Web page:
The Challenge of Meaning

(This paper is published here as a theological reference for the pastor, teacher, seminary student, scholar, and every thoughtful believer.)

I have observed recently that whenever I read a theological book, I get drowsy. Is it the author whose writing style I may not fancy, and who assumes a referent that I am woefully unfamiliar? There are some authors that make me fall asleep and others that awake me. Is it the text that is filled with verbosity and laden with words that I am unaware? Or is it me, the reader, who prefers one author over another, or who is just sleepy because of the weather? It is in this conundrum that makes meaning seem indefinable, while posing a challenge to capture it in definitive ways. In what follows, I attempt to do so, showing that meaning is gained by the reader’s grasping of authorial intent through the mediate agency of the text, while the reader gets alongside the world of the text. . . . more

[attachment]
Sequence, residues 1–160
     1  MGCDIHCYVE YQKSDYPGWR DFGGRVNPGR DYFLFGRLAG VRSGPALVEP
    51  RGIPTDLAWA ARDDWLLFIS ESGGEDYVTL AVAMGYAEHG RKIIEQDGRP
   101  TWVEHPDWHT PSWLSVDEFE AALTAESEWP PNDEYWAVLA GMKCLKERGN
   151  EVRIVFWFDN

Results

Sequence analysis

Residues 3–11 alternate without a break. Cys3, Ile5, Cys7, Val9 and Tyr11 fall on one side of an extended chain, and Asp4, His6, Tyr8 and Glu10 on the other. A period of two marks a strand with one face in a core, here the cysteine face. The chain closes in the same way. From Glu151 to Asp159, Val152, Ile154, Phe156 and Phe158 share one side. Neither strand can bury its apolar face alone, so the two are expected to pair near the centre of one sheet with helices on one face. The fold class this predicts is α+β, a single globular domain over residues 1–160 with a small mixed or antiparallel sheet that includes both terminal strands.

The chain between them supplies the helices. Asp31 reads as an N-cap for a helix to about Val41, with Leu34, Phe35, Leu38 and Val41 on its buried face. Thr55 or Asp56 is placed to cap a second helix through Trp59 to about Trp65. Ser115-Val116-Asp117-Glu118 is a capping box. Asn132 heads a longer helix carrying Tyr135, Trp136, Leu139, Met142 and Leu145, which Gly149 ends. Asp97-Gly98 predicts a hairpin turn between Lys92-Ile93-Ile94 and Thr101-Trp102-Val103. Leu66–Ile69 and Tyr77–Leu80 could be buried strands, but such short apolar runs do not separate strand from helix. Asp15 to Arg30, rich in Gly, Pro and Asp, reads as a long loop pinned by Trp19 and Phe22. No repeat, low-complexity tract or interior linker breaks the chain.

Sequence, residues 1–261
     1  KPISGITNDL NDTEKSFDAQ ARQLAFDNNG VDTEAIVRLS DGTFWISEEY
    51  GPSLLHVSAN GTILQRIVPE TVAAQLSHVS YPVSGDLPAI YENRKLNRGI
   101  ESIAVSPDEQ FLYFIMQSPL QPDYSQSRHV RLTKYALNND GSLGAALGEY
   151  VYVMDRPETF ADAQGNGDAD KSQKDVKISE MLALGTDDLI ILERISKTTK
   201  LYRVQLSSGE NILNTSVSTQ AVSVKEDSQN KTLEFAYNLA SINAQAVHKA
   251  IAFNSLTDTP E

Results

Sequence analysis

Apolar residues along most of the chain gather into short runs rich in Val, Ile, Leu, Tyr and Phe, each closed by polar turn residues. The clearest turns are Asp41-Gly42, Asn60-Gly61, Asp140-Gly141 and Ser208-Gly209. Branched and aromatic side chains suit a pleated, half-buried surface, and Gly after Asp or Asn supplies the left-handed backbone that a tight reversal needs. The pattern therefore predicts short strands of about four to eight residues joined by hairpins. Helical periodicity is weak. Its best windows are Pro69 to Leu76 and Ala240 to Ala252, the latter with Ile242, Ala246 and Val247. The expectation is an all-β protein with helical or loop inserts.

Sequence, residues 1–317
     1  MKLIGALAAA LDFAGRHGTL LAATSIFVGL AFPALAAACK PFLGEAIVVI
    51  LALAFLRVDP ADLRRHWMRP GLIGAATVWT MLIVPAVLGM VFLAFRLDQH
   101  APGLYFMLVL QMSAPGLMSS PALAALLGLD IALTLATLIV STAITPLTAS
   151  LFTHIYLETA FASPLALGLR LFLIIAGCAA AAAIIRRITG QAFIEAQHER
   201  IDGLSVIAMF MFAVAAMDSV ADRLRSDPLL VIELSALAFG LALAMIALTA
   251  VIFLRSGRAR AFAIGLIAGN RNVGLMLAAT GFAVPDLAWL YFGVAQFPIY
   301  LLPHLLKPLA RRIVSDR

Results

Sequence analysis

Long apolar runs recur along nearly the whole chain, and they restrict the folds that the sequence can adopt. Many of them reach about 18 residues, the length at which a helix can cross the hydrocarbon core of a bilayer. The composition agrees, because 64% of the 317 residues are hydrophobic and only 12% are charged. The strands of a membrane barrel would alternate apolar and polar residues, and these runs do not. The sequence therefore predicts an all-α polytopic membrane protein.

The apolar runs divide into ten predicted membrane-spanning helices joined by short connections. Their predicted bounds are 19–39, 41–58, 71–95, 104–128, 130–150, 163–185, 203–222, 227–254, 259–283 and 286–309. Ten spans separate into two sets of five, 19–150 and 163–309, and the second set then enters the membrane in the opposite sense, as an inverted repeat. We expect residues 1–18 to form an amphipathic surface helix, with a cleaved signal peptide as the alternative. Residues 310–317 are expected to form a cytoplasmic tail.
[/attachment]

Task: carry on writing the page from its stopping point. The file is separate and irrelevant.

Permissions: You may copy or distribute this material in part or in whole, provided that you: (1) Acknowledge the name of the author (by announcement or  footnotes). (2) Do not change the words or word order. (3) Do not charge a fee beyond the cost of copying or distributing.
Disclaimer: I’ve tried to give credit to whom credit is due.  If there is any original thought or reference which I failed to footnote, please call my attention.  Once validated, it will be corrected immediately.
Plagiarists will be shot!

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